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Published on March 07, 2012

Screenings Are Key To Preventing Colorectal Cancer

In association with colorectal cancer month, the American College of Physicians released a new guidance statement emphasizing the importance of screenings for prevention of the disease.

"The American College of Physicians encourages adults to get screened for colorectal cancer starting at the age of 50," said Virginia L. Hood, president of ACP. "Only about 60 percent of American adults aged 50 and older get screened, even though the effectiveness of colorectal cancer screening in reducing deaths is supported by the available evidence."

The guidance statement says that physicians should assess each individual patient based on their risk of colorectal cancer. Average risk patients should get screenings beginning at age 50. High risk patients should start at age 40 or 10 years younger than when their youngest relative was diagnosed with the disease.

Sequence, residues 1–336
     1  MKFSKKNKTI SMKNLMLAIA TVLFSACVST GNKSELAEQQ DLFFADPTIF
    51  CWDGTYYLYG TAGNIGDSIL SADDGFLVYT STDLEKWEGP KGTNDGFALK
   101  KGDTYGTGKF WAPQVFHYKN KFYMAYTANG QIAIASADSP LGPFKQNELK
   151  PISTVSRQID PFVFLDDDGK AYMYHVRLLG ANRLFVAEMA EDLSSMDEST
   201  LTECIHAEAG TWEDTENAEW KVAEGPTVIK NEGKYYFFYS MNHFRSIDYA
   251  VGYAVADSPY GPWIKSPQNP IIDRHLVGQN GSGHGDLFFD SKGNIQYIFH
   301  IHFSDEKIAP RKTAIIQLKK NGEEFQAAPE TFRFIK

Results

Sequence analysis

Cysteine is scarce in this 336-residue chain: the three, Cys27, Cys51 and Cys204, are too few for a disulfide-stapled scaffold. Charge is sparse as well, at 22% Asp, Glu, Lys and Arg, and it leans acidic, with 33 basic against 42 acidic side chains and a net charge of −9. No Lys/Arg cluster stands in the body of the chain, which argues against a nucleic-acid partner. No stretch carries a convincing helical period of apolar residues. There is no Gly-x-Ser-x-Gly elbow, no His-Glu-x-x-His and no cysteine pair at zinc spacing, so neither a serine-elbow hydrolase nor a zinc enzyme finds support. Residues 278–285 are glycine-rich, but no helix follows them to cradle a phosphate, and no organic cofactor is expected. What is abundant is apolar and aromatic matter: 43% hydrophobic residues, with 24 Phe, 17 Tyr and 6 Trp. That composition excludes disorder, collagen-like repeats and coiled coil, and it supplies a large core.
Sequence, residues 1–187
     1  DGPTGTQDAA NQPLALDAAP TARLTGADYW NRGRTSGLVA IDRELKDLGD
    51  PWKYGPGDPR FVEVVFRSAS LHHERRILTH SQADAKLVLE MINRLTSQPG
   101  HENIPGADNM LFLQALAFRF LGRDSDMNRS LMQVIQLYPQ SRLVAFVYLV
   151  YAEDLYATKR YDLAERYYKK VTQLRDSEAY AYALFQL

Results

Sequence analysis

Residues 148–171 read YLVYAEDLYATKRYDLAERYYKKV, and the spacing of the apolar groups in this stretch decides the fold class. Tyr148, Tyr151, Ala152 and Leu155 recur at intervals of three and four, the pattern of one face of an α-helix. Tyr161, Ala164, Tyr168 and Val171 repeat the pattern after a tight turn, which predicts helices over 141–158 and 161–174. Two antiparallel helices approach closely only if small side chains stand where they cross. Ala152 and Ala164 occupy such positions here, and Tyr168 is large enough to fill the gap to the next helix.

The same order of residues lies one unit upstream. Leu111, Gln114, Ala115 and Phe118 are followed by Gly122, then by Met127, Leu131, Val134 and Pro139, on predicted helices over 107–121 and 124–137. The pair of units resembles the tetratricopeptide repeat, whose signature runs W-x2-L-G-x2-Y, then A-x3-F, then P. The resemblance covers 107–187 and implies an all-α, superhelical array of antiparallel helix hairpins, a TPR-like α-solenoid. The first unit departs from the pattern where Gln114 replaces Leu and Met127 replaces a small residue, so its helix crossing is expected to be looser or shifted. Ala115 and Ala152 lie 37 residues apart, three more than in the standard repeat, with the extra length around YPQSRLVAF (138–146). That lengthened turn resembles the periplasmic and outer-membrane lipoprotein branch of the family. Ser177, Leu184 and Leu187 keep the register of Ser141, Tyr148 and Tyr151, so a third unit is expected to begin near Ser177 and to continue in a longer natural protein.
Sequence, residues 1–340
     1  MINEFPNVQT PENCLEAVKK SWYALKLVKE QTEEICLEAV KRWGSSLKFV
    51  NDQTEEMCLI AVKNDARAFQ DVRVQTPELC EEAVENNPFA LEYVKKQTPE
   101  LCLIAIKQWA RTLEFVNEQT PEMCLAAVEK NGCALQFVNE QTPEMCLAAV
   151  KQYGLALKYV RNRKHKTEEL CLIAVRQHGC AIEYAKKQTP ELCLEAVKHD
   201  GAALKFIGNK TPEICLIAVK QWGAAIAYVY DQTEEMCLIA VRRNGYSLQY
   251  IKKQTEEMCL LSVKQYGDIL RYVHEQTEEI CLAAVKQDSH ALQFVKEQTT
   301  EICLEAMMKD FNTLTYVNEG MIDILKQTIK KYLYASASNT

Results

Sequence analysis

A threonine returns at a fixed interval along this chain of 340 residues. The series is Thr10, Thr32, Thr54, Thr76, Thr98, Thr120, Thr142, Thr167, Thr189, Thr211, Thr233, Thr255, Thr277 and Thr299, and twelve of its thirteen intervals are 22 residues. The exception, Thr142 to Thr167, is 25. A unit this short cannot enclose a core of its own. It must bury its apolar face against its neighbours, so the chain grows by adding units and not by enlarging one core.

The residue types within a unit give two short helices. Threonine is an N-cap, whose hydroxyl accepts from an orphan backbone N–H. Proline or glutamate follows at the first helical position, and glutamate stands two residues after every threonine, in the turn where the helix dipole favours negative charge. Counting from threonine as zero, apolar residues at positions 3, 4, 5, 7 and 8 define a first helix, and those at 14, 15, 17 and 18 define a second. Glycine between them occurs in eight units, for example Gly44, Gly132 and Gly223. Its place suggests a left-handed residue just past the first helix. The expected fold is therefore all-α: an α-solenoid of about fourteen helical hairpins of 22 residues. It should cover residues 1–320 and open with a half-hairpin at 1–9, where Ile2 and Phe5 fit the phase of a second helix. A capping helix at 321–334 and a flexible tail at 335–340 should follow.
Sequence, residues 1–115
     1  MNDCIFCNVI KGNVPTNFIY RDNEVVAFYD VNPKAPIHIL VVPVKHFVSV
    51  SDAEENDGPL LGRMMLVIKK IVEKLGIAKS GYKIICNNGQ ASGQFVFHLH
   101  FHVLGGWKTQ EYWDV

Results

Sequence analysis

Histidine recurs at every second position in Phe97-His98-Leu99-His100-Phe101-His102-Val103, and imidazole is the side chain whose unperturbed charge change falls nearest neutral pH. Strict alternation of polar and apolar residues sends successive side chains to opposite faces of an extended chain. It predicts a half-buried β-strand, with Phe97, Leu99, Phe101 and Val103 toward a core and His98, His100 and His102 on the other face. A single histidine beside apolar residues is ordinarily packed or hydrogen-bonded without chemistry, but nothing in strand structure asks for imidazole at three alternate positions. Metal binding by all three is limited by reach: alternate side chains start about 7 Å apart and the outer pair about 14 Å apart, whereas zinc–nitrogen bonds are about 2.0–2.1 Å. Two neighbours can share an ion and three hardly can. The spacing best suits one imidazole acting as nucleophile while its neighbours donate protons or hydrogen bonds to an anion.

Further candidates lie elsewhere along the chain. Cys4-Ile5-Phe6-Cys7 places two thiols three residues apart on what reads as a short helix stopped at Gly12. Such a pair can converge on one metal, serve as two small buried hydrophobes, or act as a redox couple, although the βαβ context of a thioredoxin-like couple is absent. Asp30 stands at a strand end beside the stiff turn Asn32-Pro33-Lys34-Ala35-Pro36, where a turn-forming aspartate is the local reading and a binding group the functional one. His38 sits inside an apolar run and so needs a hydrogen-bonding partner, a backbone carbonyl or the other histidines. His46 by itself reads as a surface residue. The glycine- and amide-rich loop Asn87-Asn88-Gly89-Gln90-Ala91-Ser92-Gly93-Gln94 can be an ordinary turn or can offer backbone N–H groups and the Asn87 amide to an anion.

Colorectal cancer is the second leading cancer killer in the United States, occurring equally in men and women. Yet, it is largely preventable and easily detected through the use of colonoscopy, which is the gold standard for colorectal cancer screening. Through the use of colonoscopy, gastroenterologists can detect and remove pre-cancerous polyps lining the colon—significantly decreasing risk of developing colorectal cancer. Despite common belief, colonoscopies are painless procedures in which the patient is sedated.

Signs and symptoms of colorectal cancer include:

Rectal bleeding.Substantial change in bowel habits.Unexplained abdominal pain and/or unusual weight loss.

Cone Health has an exceptional network of primary care physicians and gastroenterologists who are dedicated to educating the community about the importance of colorectal cancer screening and making sure people get colonoscopies within the recommended time frame.

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